Many people read my website and become curious about what it would be like to work with me, especially with respect to my use of Somatic Experiencing techniques in combination with traditional psychotherapy. It is natural to be cautious about something that is new and different, although in reading my website, you may also feel a sense of hope and expectation that help and change are possible.

In coming to my office, the first thing I hope you will notice is that I have made an effort to create an environment that feels quiet, peaceful and safe, from the moment you walk through the door. I usually start by inviting you to let your eyes go where they want to go around the office, so that you can orient to the space. Another goal is to give your nervous system time to settle from the activation of traveling to the appointment, meeting a new therapist, and the anticipation of talking about your concerns.

In your first appointment, we most likely will review new client documents, and you can ask any questions you might have about the paperwork, or my practice in general. We can then talk about what brings you to my office and what your goals might be. It is important for me to get a detailed history of your life with respect to the information that will be most relevant to our work together. Together, we will monitor your response to this conversation in order to titrate any activation you might experience.

Titration is an important aspect of my approach. By "titration," I mean that our work together will be paced in such as a way to avoid you ever having the experience of feeling overwhelmed. The most effective, longest-lasting changes are those that can be integrated into your mind and body without significant distress. And yet, even small changes begin to pave the way for more significant transformation in time.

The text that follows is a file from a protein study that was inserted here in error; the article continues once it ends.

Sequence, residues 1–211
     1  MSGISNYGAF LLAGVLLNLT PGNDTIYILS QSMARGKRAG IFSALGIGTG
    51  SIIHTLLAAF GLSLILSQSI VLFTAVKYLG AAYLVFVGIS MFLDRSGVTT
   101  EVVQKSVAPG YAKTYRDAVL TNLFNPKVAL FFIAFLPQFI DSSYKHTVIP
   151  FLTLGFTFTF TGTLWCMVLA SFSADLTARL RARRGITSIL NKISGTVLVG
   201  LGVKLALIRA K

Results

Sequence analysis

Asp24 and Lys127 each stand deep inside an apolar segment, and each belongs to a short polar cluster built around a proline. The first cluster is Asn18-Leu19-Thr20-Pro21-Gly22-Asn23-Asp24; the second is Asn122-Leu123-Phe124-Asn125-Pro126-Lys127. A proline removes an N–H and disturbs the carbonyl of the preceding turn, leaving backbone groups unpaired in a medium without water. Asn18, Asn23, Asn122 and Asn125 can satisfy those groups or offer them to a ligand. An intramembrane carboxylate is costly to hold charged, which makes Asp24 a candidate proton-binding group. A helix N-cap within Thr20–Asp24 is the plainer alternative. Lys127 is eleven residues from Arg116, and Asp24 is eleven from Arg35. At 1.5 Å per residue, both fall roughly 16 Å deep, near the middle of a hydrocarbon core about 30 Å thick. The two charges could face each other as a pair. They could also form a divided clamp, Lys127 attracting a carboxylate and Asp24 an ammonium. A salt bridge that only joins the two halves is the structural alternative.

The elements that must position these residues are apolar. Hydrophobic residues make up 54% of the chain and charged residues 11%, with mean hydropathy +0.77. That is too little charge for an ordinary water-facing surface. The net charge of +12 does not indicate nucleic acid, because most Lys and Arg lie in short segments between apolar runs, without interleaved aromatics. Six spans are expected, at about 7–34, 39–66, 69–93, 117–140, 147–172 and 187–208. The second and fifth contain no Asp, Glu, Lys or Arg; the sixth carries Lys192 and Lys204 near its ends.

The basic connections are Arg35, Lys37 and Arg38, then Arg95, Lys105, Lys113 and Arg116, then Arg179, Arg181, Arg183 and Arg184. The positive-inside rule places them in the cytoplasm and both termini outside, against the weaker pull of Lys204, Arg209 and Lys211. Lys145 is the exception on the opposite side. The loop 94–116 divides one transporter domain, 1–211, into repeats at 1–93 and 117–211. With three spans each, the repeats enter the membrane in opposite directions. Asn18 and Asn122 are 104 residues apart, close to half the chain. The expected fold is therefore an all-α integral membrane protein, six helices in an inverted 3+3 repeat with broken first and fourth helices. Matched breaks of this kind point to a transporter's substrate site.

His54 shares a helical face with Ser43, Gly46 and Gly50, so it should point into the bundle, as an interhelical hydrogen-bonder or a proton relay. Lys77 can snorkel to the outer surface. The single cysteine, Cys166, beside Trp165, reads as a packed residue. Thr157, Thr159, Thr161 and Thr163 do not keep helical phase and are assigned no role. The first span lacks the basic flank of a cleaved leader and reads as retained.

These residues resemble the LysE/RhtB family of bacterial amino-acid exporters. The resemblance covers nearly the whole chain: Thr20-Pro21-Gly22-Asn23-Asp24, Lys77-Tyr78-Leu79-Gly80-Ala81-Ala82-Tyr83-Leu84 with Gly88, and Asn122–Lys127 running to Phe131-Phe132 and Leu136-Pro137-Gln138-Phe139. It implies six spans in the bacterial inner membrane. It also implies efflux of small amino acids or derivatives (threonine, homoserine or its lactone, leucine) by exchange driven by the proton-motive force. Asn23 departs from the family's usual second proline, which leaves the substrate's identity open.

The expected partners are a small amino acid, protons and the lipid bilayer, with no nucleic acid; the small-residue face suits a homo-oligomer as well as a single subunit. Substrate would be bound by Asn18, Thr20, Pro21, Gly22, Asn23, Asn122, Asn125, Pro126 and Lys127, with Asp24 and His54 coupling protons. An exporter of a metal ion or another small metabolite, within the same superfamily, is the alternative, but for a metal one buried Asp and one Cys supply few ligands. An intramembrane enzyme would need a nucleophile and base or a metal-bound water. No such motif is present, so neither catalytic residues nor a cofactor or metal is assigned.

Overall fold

My therapeutic toolbox includes techniques associated not only with Somatic Experiencing®, but also a wide variety of theories and approaches, such as hypnotherapy, cognitive-behavioral therapy, and mindfulness. I am an active therapist, and will engage with you far beyond the stereotypical question, "And how does that make you feel?" From the beginning, I teach you practices and skills that will help you stay better regulated in all aspects of your life. Throughout our work together, I will invite you to engage in "experiments" with me. These are intended to strengthen your ability to notice your thoughts, emotions, body movements, sensations, and perceptions associated with both past and present experiences. I'll often ask questions like "what would happen if...?" or "If you noticed that, I wonder what would happen next?"


Science is increasingly providing evidence that conscious and subconscious integration of all the aspects of our lived experience increases psychological and physical health. Whenever possible, I hope for our work together to be fun. Even serious difficulties can yield to playful intervention.

I emphasize a collaborative relationship with my clients. You are invited to try the exercises and experiments I propose, but I also encourage you to tell me "no" when something just doesn't fit for you. Together we will learn about your nervous system and what will help it to achieve better flow. Part of my role is to teach you what I know, but in a way that makes sense to you. I want my clients to better understand themselves, and part of that understanding is increased knowledge about the functioning of their brain, body, and nervous system, which after all, are necessary to successful navigation of life and relationships.